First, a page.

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Setting up your blog with RStudio and blogdown II: Workflow

This is Part III of my series of posts about how to setup you blog with RStudio and blogdown. The other parts are:

  • Part I about to setup the blog using Hugo, RStudio and blogdown
  • Part II explains my workflow of creating new posts.
  • Part III on how to modify the theme.


In Part I of this series of post we setup our new blog using blogdown and Hugo. Once the blog is configured, this is the typical workflow I follow to write new posts and update my blog online:

  1. Open your blog project with RStudio
  2. Load the blogdown library and start the Hugo server and browser
  1. Create new post: the best way is to use the RStudio Addins → New post. The Addins menu is in the top bar of RStudio, but you can also get it using

Then you will get a window like this

Fill in all the details. Don’t forget to choose plain markdown or R markdown. Use the latter if you want to include some R code.

A new markdown will open with the YAML header filled with the title, author, date, etc. of the posts.

Take some time here to change/add categories and tags to your blog. You can also:

  • Add a featured image which will appear at the top of the post in some themes (like the casper-two that I chose)

image: /img/posts/image_for_this_post.png

  • Since you will take some time to write your new post (even some days), I suggest to include also the variable:

draft: true

in the YAML. If you do this, the post will show up in the Rstudio/Hugo local developing environment. But it will not be rendered when we build the deploy version of the blog. Once you have finished writint it change it to draft: false so next time we build the deployment version of the blog the post will be included.

  1. After that start writing your amazing post. Everytime you save a new version of the R/markdown file, the Hugo server will render the new version of the blog and you will get in the console something like this

Editing a R/markdown is super easy. You can find some really good guides to do that here

Underneath Hugo is taking care of converting everything into HTML. This means that you can also use Hugo shortcodes in the markdown to do things like inserting a tweet or a youtube video. Shortcodes are simple shortcuts to render HTML, iframes, etc. in those cases. Shortcodes appear in your R/markdown like this in markdown

{{< ... >}}

of like this in R markdown

{{ % ... %}}

For example, if we want to include this youtube video https://www.youtube.com/watch?v=2WTWx0yknQQ in your R/markdown, you simply have to include the following code in your text:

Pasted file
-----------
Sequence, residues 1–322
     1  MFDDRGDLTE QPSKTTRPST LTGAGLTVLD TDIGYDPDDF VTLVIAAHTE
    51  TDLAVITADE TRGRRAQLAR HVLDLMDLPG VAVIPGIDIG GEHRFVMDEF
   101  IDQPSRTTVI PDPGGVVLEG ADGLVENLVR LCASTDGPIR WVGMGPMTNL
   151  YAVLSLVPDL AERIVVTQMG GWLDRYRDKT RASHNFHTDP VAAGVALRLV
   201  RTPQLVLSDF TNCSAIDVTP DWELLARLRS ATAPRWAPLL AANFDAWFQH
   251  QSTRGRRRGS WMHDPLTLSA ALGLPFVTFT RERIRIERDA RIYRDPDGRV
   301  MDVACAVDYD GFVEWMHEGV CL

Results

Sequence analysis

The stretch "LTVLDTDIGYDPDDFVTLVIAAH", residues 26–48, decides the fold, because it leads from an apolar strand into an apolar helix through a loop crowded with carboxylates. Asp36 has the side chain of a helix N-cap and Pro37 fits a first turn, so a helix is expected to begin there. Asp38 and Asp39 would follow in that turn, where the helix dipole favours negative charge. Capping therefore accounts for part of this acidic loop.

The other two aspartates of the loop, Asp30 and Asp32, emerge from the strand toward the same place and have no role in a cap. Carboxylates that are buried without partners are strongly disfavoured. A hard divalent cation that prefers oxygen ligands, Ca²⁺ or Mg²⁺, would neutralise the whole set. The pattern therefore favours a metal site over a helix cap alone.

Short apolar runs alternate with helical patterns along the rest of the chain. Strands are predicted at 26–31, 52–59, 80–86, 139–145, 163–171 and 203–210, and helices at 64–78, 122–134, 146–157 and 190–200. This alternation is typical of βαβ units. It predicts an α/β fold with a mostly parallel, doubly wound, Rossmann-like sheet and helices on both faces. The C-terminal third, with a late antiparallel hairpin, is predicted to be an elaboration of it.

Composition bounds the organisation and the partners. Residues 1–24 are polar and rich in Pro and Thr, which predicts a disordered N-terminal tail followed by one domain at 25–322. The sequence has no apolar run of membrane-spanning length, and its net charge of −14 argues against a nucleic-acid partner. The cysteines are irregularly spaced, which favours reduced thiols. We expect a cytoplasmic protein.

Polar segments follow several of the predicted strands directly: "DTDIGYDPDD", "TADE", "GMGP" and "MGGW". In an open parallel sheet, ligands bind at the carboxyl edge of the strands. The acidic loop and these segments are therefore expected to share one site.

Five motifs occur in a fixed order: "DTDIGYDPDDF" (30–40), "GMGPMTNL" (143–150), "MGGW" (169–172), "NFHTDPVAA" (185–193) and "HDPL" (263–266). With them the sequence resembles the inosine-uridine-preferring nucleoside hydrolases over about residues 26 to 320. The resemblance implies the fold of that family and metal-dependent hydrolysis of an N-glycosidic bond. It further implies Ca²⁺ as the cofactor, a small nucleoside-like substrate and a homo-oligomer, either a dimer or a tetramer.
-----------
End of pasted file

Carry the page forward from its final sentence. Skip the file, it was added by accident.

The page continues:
{{< youtube 2WTWx0yknQQ >}}

Or to include this tweet https://twitter.com/xieyihui/status/817461069014859780 simply use this code

{{< tweet 817461069014859780 >}}

Check the complete list of already available shortcodes here. You can even write your own ones as we will see later in Part III of this tutorial.

  1. If you are happy with your post, remove the draft: true line in the YAML and we are ready to deploy the new version of your blog to our domain. Here is the commands in RStudio I use to do that:
system("rm -r ~/best_blog_ever/public/*")

The fist command simply erases the public directory that contained the old version of the blog. This is probably not needed, but it gives me peace of mind :).

The second command builds the blog. Note the local=F flag which tells Hugo to build a deployment version of the blog, meaning that all the posts with draft: true will not be rendered.

The third command is my personal deployment script. Although most of the guides out there show you how to deploy your blog using Netlify and/or GitHub, I am using my own domain and space at Dreamhost. Then to update my blog I simply synchronize (using rsync) the public directory with the root directory of my domain. Here is my deploy.sh script

rsync -avz --exclude-from 'exclude-list.txt' --delete public/ ${USER}@${HOST}:~/${DIR}
exit 0

you might also notice that I have excluded some files in the synchronization which are specified in the file exclude-list.txt. In my case I only have the .htacces file there.

All done!


Esteban Moro

Professor at Universidad Carlos III de Madrid and MIT Medialab. Working on Complex Systems, Social Networks and Urban Science.